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How to Calculate the Risk of a Pandemic 


How to Calculate the Risk of a Pandemic 

With new COVID strains popping up and a future that holds new and evolving viruses, Martin Pergler’s post on how epidemiologists measure the severity of a pandemic may be useful.

We all look at our national and local COVID infection counts. But to really measure the pandemic’s pulse, epidemiologists monitor a number called Rt and do their best to wrest it below 1. What is Rt, how does it work, why do we care, and what are its limitations?

What is Rt? (and a baseball analogy)

Fundamentally, Rt is the average number of people a single COVID-infected person will directly infect in turn, before that individual stops being infectious. It is called the effective reproduction ratio. It assumes a closed population, and the t refers to the fact that it varies in time.

If Rt is below 1, the infection will die out, since it is finding new victims more slowly than current victims recover (or not.) If Rt is greater than 1, the infection will spread. If Rt stays any constant number greater than 1 for some time, that spread will be exponential, the more “explosive” the greater that number is.

A special case is R0, also called the basic reproduction ratio, which is the number of people infected by one carrier at time 0, the start of a pandemic, before anyone is doing anything special and before anyone has immunity. It reflects both the infection’s average “at bats” (to use a baseball analogy)–how many people an average carrier has the opportunity to infect–as well as its natural “on base percentage”–how transmissible it is, both given normal human behavioural patterns and resiliency to infection.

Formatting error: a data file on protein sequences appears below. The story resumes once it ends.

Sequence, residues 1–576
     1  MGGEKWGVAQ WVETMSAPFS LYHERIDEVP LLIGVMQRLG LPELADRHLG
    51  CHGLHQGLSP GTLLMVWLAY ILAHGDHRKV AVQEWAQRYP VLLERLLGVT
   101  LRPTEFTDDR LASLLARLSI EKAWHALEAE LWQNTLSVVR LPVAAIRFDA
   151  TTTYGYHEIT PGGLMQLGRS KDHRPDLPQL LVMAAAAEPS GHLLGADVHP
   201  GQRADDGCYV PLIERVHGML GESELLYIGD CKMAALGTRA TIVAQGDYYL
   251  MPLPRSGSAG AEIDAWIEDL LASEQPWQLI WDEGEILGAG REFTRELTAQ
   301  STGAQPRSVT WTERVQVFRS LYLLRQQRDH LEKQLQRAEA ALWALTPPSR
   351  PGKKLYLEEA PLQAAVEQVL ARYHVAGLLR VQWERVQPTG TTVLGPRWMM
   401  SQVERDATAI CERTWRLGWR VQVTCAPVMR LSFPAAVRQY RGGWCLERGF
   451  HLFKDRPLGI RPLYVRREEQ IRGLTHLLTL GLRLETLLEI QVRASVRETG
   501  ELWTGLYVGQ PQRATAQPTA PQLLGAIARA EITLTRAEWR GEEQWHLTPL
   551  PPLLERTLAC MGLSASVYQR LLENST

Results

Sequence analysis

>> R0 for COVID seems to have been about 2.5 or higher (see below for difficulties in estimation). This is higher than typical seasonal influenzas, but much lower than traditional highly infectious diseases like chicken pox or measles.

One generally expects Rt to decrease from R0 over time, for three reasons.

People change their behaviour, whether of their own free will or forced by public health directives. This decreases a combination of the “at bats” and “on base percentage”.

We get better at identifying those infected, those susceptible to infection, and at prevention or treatment. We don’t allow the pandemic as many at bats, and we pitch at it in a way to induce it to harmlessly fly out when we do.

Finally, if there is any sort of resistance to reinfection (immunity), fewer of the contacts that would earlier have led to an infection are with people still susceptive. The baseball analogy is a bit strained here: maybe we say we keep on flooding the field with more and more outfielders until there is no gap to hit into any longer.


Key points include:

  • The math, in simplified form
  • Different scenarios relevant to COVID response
  • Unsimplifying and applying to COVID


Read the full article, The What and the Why of Rt, on LinkedIn.